Tinkergoth’s Guide to Concert Etiquette (Warning: Profanity)

Hey everyone. It’s been far longer than I’d wanted it to be before I posted something, but the truth of the matter is that I haven’t been gaming much at all recently, and am in fact taking a bit of a break from Pathfinder while I deal with some personal stuff. Additionally, the Canberra International Film Festival starts next Friday, meaning that any posts I make in the next three weeks or so are more likely than not to be related to that (my next post will in fact be a list of which movies I’m seeing, but in the mean time feel free to check out the program at www.ciff.com.au). Twenty three films in just under three weeks is a bit of a time sink, but hey, it only comes around once a year.

Anyway, let’s get onto the topic at hand. I went and saw The Tea Party at the ANU Bar tonight, which made me so, so happy, especially since The Superjesus were one of the support acts. For those of you who don’t know, The Tea Party are a Canadian rock band with a unique eastern influenced style that often gets them referred to as Moroccan Roll. They’re one of my favourite bands, have been since a family put me on to them when I was quite young. The show was, as expected, amazing, and they played almost all of the songs I wanted to hear (the only ones missing were Cathartik and Walking Wounded). I met some awesome people, rocked out and generally had a fantastic time. Walked out thankful that they’d finally got back together so that I had an opportunity to see them after all these years.

Unfortunately, as is often the case at shows held at venues like that (smallish university bars), some people can’t just enjoy the music, they have to ruin it for those around them. I kind of expect a crowd to get a bit rough at metal shows and so on, but for bands like The Tea Party it just ticks me off. Particularly when some lovely older woman who’s obviously a long time fan has arrived early to get a spot near the front with her husband and friends, and gets harassed badly enough that she ends up leaving in tears twenty minutes into the main act. So I’ve decided that I’d try to share some information about etiquette at gigs, which will hopefully educate and enlighten some people (not bloody likely, but it’s been way too long since I’ve had a rant, and I couldn’t pass up the opportunity). Obviously when I say “you” in the following rant, I’m not referring to everyone. Just the idiots who behave this way. Also, second and final warning, profanity is on the way.

So, buckle up ladies and gentlemen, and prepare yourself for…

Tinkergoth’s Guide to Concert Etiquette

So to cut a long story short, all of my advice here can really be boiled down to one very simple concept. It’s actually a good rule to live by in general, but many people seem to have trouble with it. The golden rule of concert etiquette is this:

Don’t be a complete and utter fuck knuckle!

My usual way of stating that rule is actually somewhat harsher than that, but I felt that I should keep some limits on what profanity I’ll drop on a public blog. Anyway, as I said, for the gods only know what reason, some people are entirely unable to grasp this simple concept. So in order to assist these poor souls, I’m going to break it down into a few specific guidelines. These guidelines assume we’re talking about a concert in a smallish venue where it’s standing room only. Let’s start with:

Don’t be a Frontline Soldier

I’d never really had a name for this kind of behaviour (apart from the obvious swearing) prior to reading Questionable Content and finding this early comic. Put simply, the Frontline Soldiers are the arseholes who don’t understand that it’s not their fucking god given right to be right up the front of the crowd, and expect everyone else to just move out of their way like Moses parting the Red Sea, if the Red Sea was a tightly packed crowd of sweaty dancing people. I get it, I really do. You’re excited to see the band, to hear the music, and you want to get as close as you can. So does everyone else. So I’m going to let you in on a little secret, it’s how the rest of us manage to get such good spots… it’s called GETTING THERE EARLY! Seriously. It’s pretty normal for me to show up to gigs an hour before the doors open, be the first in line when the doors do open, buy any merch I’m after, grab a drink and then stake out a spot right at the front. After that, I’ll not move from that spot at all. I’ll hold it during the support acts and right into the main act. If I don’t do that, like tonight, then I’m content to get as close as I can without having to shove people out of my goddamn way. I still managed to be, at most, four people back from the front, and had a perfectly good view of the stage from there.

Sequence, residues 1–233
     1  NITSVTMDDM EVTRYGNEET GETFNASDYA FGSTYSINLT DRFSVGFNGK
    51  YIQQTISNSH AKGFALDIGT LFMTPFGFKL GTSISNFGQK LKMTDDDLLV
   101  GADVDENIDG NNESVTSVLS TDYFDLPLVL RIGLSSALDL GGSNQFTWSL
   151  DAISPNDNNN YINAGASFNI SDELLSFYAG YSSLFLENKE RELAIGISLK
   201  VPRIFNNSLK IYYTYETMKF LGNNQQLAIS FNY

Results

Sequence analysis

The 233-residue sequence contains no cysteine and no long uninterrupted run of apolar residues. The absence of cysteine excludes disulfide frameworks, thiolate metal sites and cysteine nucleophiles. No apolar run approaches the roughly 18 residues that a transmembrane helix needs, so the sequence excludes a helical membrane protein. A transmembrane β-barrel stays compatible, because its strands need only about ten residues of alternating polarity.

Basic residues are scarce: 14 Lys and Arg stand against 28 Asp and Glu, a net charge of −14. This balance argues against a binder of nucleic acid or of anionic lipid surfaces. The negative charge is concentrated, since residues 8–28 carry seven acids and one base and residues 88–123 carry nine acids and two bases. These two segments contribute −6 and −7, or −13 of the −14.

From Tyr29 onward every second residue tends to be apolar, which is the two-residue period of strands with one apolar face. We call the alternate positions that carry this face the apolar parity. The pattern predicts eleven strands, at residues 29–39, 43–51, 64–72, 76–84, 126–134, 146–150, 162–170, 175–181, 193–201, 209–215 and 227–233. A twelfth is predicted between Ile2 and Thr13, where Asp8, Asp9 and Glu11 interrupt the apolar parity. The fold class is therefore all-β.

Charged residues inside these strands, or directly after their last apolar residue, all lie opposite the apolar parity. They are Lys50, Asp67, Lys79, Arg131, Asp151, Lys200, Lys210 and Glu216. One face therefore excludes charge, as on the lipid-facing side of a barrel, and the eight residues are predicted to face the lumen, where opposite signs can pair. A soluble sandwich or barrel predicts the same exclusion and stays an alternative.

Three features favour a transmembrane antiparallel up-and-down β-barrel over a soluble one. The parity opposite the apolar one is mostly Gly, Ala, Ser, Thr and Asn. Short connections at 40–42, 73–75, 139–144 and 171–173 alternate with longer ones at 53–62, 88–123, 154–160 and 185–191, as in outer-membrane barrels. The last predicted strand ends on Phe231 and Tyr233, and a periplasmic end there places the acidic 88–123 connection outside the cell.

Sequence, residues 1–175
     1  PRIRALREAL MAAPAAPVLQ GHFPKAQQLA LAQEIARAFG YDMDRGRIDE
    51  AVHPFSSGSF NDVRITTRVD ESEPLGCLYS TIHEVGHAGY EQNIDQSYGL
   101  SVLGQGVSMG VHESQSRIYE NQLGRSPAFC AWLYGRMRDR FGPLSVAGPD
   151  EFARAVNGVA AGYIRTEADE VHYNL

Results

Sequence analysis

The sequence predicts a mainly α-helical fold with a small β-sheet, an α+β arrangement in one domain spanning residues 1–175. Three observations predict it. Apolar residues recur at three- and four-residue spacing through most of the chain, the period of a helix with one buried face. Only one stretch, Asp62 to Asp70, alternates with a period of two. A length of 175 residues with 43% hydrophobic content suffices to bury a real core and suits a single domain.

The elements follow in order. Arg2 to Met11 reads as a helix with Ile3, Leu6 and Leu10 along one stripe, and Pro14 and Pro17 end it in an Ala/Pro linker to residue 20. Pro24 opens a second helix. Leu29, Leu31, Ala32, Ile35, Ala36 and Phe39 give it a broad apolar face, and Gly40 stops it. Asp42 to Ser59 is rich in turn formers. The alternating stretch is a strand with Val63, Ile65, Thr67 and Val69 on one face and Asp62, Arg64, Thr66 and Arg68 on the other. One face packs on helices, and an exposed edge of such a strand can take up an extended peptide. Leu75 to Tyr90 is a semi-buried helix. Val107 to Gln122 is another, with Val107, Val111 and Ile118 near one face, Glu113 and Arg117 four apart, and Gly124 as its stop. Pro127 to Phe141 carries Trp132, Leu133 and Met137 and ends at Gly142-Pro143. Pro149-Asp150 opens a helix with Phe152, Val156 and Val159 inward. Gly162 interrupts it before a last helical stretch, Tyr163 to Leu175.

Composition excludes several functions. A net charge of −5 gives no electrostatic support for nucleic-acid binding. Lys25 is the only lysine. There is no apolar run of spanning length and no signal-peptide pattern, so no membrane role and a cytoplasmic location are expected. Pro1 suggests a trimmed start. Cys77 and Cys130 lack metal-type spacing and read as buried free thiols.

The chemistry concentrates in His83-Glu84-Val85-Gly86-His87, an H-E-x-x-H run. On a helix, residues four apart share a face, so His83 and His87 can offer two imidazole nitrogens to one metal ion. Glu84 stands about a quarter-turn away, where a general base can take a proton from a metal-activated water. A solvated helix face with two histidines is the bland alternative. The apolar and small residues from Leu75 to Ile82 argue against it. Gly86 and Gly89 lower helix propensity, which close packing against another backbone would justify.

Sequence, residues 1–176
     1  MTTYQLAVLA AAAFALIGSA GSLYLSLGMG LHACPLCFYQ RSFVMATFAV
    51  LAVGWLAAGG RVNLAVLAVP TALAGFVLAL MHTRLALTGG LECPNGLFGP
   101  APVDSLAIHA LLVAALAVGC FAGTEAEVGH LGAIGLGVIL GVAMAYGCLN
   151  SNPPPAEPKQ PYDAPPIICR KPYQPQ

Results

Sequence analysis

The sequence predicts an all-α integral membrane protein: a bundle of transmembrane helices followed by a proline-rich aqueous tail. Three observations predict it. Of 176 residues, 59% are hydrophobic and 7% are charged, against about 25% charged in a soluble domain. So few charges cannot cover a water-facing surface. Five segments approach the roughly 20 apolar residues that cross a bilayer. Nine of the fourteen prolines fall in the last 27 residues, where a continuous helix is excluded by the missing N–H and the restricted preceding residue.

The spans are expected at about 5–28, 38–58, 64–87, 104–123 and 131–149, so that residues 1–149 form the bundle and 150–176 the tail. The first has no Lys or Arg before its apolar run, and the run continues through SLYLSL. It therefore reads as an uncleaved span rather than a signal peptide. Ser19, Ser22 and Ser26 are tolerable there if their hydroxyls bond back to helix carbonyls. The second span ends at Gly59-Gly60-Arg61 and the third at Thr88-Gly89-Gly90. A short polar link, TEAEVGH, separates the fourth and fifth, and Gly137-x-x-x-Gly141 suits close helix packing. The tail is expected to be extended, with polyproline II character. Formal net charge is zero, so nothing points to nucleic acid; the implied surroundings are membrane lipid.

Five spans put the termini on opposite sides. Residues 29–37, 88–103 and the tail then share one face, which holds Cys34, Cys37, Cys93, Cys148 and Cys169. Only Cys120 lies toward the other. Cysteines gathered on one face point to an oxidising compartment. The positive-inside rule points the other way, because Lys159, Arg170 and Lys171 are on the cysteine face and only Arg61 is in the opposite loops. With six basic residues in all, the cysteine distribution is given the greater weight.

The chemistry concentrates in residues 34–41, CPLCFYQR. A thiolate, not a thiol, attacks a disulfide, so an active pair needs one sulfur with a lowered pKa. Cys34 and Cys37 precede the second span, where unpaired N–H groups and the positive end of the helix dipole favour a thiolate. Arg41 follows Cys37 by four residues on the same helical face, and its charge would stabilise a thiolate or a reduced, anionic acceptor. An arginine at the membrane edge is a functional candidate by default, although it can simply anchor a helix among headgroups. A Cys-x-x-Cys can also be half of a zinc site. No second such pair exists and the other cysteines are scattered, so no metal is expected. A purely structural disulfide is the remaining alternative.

Now that’s not to say you can’t move forward during the show. You can. But don’t be a dick about it. Don’t push your way past people. Don’t shove yourself in front of someone and then stand so close they’re basically forced to rub up against your back. Keep an eye out for spots where there’s a bit of free space (and I mean enough for you to stand without having to get uncomfortably close to a stranger, it’s absolutely fine and expected to brush up against people as you move around during a show, but you shouldn’t be fucking well grinding on them, unless they specifically want you to, in which case hey, go nuts). When a spot opens up, if no one in front of you moves forward to take it, politely edge your way past them, and hey presto, you’re that little bit closer without having to be a dick to people. If those in front of you do take it, then just move forward into their former spot. Same result, you’re closer! It’s not bloody rocket science. Moving on to the next guideline…

Don’t start fights because someone called you on your shit

If you do decide to be a fuck knuckle and push you way forward through the crowd, don’t be fucking surprised when someone calls you out on it. If you shove yourself to the front, and someone takes exception and reefs you back behind themselves, you’ve really got no cause for complaint. They were there first, because they cared enough to arrive early enough to be there first. They’ve obviously got more dedication than you do, so show some respect and accept that you’ve gotten as far as you’re going to. Don’t scream, spit in their face, pour your drink on them or, as I can only assume some of you are planning as your escalation point, fling your shit at them. For one, as happened tonight, you’re just going to get everyone around you offside, and those of us who care enough WILL do something about it. I have no objections to, with the assistance of a few other guys in the crowd, boxing you in and keeping you there until we can signal security to remove you. The fact that I had to do this more than once tonight is just fucking disgraceful. Unfortunately we didn’t notice what was happening soon enough and, as I mentioned before, an older woman in the audience ended up leaving in tears because some stupid young women had gotten angry due to her objections to their pushing in front of her, and poured vodka and beer all over her, then torn the sleeves on her top open. Thankfully when I saw her after the show, it turned out she’d gone to the back and had, after having a chance to calm down, still had a good time. But an occurrence like that is a definite stain on her evening, and is something no one should have to put up with.